And there were major events. “The most common events we went to were state dinners, and for a state dinner, dozens of aides would be required. We would have to show up at 3:30 p.m. or 4 p.m. in the afternoon, so I would get to leave work a little bit early,” said Bengtson, who recalled that he and other aides wore special uniforms for the White House events.

“All the way through the evening events, we would serve as hosts and hostesses for the president and Mrs. Reagan.”

During one White House event, he met and escorted the late Claudette Colbert. “I didn’t know who she was, and I escorted her and mispronounced her last name.” His fellow aides had to tell him who she was. “She was the sweetest, most gracious lady,” said Bengtson.

While conversations with the President were limited – an aide might speak with him briefly in passing. “He would smile as he walked by. At state dinners, he was focused on the visiting king or president, or whoever the dignitary was,” remembered Bengtson.

Bengtson remembers just about every event he attended as a military aide. “I kept notes for every event. The first one I did was in March 1981, and I had 43 events. The last one was the May of 1982. It was about a year and a half that I was officially an aide.”

John Bengtson (at far right, second row) during a photo session with President Ronald Reagan and wife Nancy.
John Bengtson (at far right, second row) during a photo session with President Ronald Reagan and wife Nancy.
Photo Contributed

“I can give you a list of all the stars. You know he (Reagan) came out of Hollywood.” Bengtson remembers Frank Sinatra and Clint Eastwood visiting the White House. “I even got to carry the Stradivarius violin for Itzhak Perlman. At that time, he was one of the world’s premier violinists.”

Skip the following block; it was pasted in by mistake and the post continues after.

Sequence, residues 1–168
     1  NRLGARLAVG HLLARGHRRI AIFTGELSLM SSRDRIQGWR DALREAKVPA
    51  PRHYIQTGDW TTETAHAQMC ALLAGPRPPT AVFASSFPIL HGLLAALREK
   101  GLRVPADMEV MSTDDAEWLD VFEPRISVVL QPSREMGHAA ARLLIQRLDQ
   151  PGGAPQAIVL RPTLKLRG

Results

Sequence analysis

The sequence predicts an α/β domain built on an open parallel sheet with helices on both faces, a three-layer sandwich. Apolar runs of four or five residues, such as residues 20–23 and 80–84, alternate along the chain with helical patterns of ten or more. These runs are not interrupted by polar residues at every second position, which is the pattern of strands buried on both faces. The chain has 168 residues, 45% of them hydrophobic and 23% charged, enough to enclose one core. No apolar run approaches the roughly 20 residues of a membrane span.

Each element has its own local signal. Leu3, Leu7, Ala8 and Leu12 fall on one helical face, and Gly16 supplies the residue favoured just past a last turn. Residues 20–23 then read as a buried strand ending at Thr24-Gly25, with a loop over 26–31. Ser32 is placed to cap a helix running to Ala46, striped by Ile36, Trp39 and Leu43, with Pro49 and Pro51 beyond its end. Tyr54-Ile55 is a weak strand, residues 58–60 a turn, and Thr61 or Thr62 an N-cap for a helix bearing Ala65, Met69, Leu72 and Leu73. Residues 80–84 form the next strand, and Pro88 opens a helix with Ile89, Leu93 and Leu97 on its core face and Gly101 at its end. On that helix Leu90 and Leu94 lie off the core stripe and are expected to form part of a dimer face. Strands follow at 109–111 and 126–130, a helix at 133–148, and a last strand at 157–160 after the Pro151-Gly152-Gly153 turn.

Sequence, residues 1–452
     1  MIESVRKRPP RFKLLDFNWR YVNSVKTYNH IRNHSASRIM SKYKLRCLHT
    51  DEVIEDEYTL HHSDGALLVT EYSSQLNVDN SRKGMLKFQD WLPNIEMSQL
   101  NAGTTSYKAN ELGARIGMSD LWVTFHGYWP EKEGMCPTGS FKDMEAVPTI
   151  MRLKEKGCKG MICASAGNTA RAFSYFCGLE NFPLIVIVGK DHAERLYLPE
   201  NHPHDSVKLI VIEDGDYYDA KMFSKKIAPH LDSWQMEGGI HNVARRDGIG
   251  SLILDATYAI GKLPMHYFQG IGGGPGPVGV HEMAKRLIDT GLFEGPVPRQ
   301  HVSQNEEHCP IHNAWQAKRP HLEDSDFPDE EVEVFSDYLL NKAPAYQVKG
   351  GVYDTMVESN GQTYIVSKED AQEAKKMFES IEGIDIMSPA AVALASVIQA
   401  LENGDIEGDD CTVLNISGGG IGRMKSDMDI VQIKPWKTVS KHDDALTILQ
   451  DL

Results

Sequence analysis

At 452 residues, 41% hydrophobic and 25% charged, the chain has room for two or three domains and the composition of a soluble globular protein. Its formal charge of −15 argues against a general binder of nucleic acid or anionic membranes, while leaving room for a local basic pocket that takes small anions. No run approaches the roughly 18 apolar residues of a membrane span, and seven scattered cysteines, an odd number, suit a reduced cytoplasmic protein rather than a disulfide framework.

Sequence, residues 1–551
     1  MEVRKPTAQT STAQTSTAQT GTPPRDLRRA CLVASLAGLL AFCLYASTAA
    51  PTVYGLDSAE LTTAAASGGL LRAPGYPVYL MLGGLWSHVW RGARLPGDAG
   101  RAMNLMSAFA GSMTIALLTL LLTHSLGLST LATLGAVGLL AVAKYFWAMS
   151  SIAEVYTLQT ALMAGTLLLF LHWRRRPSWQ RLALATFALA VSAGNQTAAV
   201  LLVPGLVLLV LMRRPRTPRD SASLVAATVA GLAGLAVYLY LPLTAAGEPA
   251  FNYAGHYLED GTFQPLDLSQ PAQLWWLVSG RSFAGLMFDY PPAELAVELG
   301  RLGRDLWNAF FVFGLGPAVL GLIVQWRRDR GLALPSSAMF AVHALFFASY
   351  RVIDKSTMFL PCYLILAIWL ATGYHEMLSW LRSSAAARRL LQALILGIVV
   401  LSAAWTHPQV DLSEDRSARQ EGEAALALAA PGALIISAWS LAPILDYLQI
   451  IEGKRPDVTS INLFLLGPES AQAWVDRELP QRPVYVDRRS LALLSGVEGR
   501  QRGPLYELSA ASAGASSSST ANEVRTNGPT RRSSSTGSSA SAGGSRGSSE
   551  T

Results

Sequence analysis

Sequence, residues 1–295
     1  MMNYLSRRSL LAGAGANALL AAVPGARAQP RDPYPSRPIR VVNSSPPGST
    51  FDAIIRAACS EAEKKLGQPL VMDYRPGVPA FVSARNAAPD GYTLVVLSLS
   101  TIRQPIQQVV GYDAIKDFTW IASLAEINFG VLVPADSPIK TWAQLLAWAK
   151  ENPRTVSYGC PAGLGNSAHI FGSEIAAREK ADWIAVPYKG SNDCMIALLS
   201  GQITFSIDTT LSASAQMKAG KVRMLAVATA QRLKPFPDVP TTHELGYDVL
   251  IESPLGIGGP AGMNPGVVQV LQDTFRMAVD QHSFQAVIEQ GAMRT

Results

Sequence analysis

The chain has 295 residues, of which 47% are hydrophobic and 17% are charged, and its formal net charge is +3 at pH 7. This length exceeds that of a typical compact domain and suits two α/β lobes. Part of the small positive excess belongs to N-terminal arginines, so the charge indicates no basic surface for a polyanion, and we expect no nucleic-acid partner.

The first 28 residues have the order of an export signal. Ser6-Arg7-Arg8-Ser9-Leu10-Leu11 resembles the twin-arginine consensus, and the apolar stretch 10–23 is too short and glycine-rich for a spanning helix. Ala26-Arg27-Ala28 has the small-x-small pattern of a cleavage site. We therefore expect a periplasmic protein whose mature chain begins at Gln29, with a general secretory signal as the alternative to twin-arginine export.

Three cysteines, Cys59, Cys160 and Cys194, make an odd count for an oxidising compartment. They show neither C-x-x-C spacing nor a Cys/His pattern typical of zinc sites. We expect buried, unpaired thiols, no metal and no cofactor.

Eventually, the White House gig had to end. The United States Air Force needed him elsewhere. One of his next jobs had him earning a master’s degree in computer science. “I went to an Air Force institution, the Air Force Institute of Technology at Wright Patterson Air Force Base in Dayton, Ohio.”

As a U.S. Air Force officer, Bengtson and his family were required to move often.

“We moved a lot, and I was gone a lot,” he recalled. “But the people that I had the privilege to work with were just the best.” He said he was proud to work with such superb people.

“I would do things that I would not have been able to do had I not been in the military – like a White House social aide.”

During at least two periods in his career, he served as a squadron commander. He commanded communications squadrons. “I would be responsible for all the computers, networks, telephones, radios, and in some cases the sensors to protect nuclear weapons sites for a base.”

He also made return visits to the Pentagon. “I was stationed at the Pentagon three different times,” he recalled. “I came back the last time to work for the Joint Chiefs of Staff.”

Following his retirement, he and his family returned to Lemoore in 2005.

“I came back here to be close to family. Both Janet’s family and mine are almost all right here in the Valley. I got a job with the community college district in Fresno. as their director of technology, and I did that for 10 years.”

His second retirement was in 2015.

Currently, the hard-working retiree has been helping out at the Lemoore Middle College High School with its national champion Academic Decathlon team.

He gets to work with his wife occasionally because Janet is an assistant coach with the team. She has been a volunteer for the school’s AD team for seven years, helping coach the team along with Allen Tong, the team’s instructor.

Together they haven’t been doing a bad job, winning locally every year and capturing national championships in 2018 and 2019. “This last year, we were just going into the final competition in early 2020 when it was canceled due to COVID-19.”

In addition to driving the school van to Academic Decathlon events, Bengtson puts his college and Air Force skills to the test. “I teach the science curriculum every year.” He also taught the team’s musical curriculum and basically helped out when he’s needed.

How can the Academic Decathlon team ever lose? With folks like John and Janet Bengtson helping out, sometimes behind the scenes, one can probably count on at least a few more championships.